RECAP: Panel discussion with asatizah discussing female genital cutting

By Danesha Shah

On 13 March 2021, I attended an online panel discussion with Ustazah Lina Salim and Ustaz Sheikh Md Farouq where they discussed the issue of Female Genital Cutting (FGC) within the Muslim community. They discussed from the perspective of Fiqh (Islamic Jurisprudence) and Islamic Bioethics respectively. It was organised by End FGC Singapore and supported by Beyond the Hijab. 

The session began with a brief introduction by moderator Sya Taha on the four types of Female Genital Mutilation (FGM) as defined by the World Health Organisation (WHO). The practice, regardless of its different iterations, does not result in any health benefits for young girls and women. Approximately 75% of Muslim women have undergone FGC according to a survey done by End FGC Singapore in late 2020.

Following that, Ustazah Lina explained the four instances in which circumcision is mentioned in hadiths and how it relates to the four official rulings of FGC under the four Mazhabs (schools of Islamic thought) of Islam. The four hadiths that were discussed during the session were Sahih al-Bukhari 6298, Riyad as-Salihin 1203, Sahih Muslim 526 and hadith no. 20994. According to some scholarly interpretations of these hadiths, under Mazhab Syafi’i, the practice is considered wajib or obligatory. However, as scholarly interpretations are not completely unanimous, some Mazhab Syafi’i scholars do regard it as sunnah instead.

To conclude, she gave some advice on how to deal with differing opinions about FGC within the Muslim community. As more members of the community form their opinions about the practice, the advice she shared that I thought was the most pertinent was to stray away from “othering” those that have differing opinions as this results in further division within our community.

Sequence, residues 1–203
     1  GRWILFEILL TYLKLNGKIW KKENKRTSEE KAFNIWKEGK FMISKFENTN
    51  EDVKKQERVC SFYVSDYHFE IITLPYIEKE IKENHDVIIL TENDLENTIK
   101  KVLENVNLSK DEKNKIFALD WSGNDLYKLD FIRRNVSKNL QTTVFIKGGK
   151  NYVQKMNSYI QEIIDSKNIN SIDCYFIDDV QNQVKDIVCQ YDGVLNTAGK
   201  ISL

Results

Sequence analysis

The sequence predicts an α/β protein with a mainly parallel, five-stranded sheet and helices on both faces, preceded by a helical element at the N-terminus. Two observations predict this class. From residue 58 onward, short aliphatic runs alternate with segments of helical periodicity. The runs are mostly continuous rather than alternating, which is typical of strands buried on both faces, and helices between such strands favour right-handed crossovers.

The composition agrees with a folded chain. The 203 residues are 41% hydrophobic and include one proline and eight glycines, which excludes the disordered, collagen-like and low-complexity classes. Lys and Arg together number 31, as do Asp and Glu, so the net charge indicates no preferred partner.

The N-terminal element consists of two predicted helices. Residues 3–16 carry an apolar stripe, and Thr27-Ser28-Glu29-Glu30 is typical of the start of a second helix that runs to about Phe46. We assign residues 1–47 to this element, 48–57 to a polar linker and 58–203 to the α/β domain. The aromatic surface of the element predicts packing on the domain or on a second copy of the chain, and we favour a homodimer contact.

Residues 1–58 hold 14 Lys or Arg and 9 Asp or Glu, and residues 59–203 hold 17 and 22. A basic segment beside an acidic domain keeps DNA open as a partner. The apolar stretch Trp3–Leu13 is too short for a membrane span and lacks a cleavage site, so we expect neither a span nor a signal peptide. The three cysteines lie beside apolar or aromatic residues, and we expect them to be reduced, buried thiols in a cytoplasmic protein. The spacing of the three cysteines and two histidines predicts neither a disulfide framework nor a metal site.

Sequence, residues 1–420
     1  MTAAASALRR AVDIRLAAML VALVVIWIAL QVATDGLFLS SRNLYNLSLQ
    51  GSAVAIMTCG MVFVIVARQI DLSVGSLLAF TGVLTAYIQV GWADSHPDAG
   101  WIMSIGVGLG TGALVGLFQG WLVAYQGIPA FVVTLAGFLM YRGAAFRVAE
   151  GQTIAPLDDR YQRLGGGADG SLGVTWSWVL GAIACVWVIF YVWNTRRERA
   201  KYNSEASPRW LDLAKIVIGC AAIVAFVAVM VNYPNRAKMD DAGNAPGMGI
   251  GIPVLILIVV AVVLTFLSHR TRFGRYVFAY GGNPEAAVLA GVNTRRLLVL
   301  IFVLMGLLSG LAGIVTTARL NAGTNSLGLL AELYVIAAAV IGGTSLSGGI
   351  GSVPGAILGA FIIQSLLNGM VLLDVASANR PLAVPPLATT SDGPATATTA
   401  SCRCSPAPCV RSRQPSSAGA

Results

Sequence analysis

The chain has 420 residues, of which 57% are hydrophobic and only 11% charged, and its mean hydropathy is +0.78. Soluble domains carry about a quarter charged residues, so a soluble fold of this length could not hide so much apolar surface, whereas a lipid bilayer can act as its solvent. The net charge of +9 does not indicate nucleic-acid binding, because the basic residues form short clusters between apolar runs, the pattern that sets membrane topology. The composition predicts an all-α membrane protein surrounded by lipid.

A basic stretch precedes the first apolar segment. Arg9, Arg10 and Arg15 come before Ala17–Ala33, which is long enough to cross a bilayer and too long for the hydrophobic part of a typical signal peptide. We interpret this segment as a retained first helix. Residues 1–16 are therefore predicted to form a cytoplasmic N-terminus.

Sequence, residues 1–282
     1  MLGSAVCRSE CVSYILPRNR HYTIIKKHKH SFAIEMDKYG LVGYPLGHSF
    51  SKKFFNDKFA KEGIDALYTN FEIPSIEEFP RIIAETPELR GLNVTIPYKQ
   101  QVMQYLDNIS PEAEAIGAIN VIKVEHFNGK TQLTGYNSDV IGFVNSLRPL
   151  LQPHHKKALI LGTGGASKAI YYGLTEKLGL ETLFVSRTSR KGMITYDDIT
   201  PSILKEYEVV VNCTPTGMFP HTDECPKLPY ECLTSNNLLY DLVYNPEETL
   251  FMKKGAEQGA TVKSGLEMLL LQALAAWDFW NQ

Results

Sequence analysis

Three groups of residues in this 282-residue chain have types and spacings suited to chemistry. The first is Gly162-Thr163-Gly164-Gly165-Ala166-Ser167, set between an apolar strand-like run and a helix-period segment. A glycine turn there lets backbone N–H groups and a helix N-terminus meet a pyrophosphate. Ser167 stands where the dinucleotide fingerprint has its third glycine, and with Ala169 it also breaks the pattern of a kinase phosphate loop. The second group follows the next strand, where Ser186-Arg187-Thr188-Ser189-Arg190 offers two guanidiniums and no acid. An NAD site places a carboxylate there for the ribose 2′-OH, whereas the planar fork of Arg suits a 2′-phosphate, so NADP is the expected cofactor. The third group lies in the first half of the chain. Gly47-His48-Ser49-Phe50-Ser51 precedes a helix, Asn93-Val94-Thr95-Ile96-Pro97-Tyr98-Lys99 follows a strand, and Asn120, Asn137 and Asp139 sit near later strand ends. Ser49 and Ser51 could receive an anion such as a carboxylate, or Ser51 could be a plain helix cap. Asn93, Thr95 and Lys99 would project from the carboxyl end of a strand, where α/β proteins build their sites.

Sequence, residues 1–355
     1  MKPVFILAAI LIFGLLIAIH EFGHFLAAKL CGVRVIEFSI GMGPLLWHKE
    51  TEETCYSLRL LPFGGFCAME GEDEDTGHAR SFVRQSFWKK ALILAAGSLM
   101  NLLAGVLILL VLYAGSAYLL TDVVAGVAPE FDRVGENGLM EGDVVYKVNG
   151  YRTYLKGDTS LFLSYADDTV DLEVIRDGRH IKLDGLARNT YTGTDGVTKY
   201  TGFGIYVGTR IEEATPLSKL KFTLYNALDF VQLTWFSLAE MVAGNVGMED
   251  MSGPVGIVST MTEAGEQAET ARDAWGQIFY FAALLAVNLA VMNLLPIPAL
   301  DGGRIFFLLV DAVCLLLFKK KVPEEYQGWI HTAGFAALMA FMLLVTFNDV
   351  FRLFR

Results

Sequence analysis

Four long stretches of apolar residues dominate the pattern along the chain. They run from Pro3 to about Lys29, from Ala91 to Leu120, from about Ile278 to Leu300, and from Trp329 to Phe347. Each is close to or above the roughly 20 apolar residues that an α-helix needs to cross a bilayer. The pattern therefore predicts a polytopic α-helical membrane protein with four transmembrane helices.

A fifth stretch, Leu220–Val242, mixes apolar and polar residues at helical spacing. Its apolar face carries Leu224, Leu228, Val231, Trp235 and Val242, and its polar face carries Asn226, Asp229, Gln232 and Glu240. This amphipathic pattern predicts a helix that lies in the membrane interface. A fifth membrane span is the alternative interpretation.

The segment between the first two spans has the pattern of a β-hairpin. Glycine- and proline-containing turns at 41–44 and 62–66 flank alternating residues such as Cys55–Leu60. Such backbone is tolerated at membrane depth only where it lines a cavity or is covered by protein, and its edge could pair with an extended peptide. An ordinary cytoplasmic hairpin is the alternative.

Ustaz Farouq began his presentation on the Islamic Bioethical Deliberations on FGC. Islamic Bioethics is a concept which refers to the Islamic perspective on ethical or moral issues that result from advances in biology and medicine. As a result of recent medical advancements, FGC has been proven to have no health benefits hence the analysis from an Islamic Bioethical standpoint is key. 

He went on to explain the positions of both proponents and oppositions of FGC. In his perspective, proponents of FGC center their opinions on that of scholars and jurists of the past. Meanwhile, while opponents of FGC mainly believe that it is a pre-Islamic custom without substantial religious grounding. They also believe in contemporary interpretations of the hadith that do not deem FGC as mandatory. All in all, they believe that modern scientific advancements calls for the rethinking of the practice in the Muslim community. He then proceeds to analyse the weaknesses in both arguments as proponents fail to address the concerns of dignity and gendered notions of morality for women that undergo FGC while oppositions avoid difficult narratives in the tradition of FGC in the Muslim community. He then stressed the importance of not treating the opinions of proponents and oppositions as mutually exclusive and that there is an opportunity to reform if these conversations begin at home. 

To end off, when deliberating the practice of FGC, Ustaz Farouq urged that it should be firstly, a voluntary and informed decision by the individual who it will be performed on. Secondly, it should be guided by noble intentions and thirdly, for the holistic well-being of the child. 

The webinar ended with a Q&A session during which one participant asked the two speakers on the issue of consent when FGC is done on girls under the age of 2. Ustaz Farouq noted that although parents do have responsibility over their children in Islam, they do not own them. Hence, parents should not have their children undergo FGC if they are unsure of the possible effects it may have on the child.

In response to a question about following and trusting one’s ustaz/ah about FGC, Ustaz Farouq mentioned that although seeking guidance from religious authorities is critical, we should not blindly rely on them and instead, create spaces to talk about FGC. 

As someone who has never heard a discussion of FGC from a religious perspective, the webinar was extremely enlightening as I continue learning more about FGC through this series of online conversations. As the Muslim community grows increasingly passionate about FGC, we should remain respectful and open to hearing opinions of others in our community so that we can work together to achieve reform.

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